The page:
High Performance Computing High Performance Computing University of Southampton

Friday, 9th February 2001, 1pm

Titles : (1) An expandable and flexible software generation environment for the finite element method
(2) A brief overview of activities at CCRLE
Speakers : Mr Hidehiro Fujio, C&C Research Laboratories, NEC Europe / NEC Corporation
Dr Guy Lonsdale, Manager, C&C Research Laboratories, NEC Europe Ltd.
Keywords : Partial Differential Equations (PDE's), Finite Element Method (FEM), Problem Solving Environment (PSE), FE program generator

Abstract :

The numerical solution of partial differential equations by the finite element method mostly consists of three stages. We are developing a software tool that produces complete finite element codes from users' descriptions of their problem in a mathematical style. This tool consists of three interacting components, which correspond to the above-mentioned stages. The first component is a program generator for the routines for the calculation of the element stiffness matrices and load vectors. This component converts a continuous problem into a discrete problem. The second component is a program generator for the solver routines for the discrete problem. This component is integrated with the first in order to allow solver-dependent matrix assembly of the element stiffness matrices. The final component is a generator for routines to control features for more complex solution methods (for example, control of some outer iteration scheme), calculate derived quantities and provide post-processing interfaces.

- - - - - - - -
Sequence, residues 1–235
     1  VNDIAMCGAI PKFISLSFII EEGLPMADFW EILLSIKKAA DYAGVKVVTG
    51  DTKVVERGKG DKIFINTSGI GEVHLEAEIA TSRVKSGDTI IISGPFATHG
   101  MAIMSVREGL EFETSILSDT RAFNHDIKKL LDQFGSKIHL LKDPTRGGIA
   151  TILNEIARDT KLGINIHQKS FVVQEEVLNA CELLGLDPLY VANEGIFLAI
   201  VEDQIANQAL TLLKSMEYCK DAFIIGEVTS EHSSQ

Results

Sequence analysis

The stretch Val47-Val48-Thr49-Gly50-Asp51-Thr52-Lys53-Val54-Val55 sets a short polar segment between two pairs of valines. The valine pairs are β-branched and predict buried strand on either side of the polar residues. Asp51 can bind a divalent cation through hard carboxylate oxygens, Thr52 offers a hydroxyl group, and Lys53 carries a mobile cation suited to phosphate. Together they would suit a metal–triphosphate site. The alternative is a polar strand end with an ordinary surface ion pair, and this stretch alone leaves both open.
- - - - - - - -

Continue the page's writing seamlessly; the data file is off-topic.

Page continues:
Currently, we are focussing on improvements to the second of the three components. Most sophisticated linear solvers, for example, multigrid solvers or parallel solvers, are rather complicated and difficult to use. Our approach is to build a knowledge-based system that allows the information stored in the element stiffness matrices, generated by the first component, to be provided to various solver libraries in the correct format for use by those libraries. Data partitioning for parallel execution is included within this process. The approach is not limited to linear analyses but can also be applied for nonlinear problems.

In our presentation, we will talk about the program structure of our tool and in particular on the flexible approach by which additional solver libraries may be included.

About the speaker :

Mr Fujio is a graduate of the University of Tokyo and has been engaged in the development of software tools for the finite element method since joining NEC Corp. in 1990. He is currently a research staff member at C&C Laboratories, NEC Europe, in St. Augustin, Germany.

Guy Lonsdale is a senior research staff member at the C & C Research Laboratory. His area of activities is parallel algorithms and applications. Current activities include investigations of the use of the HPF approach for the crashworthiness code PAM-CRASH, contributing to the ESPRIT Long Term Research project HPF+ as part of a collaboration with ESI.

Further Information :



Last updated 6th February 2001. Maintained by M.Molinari.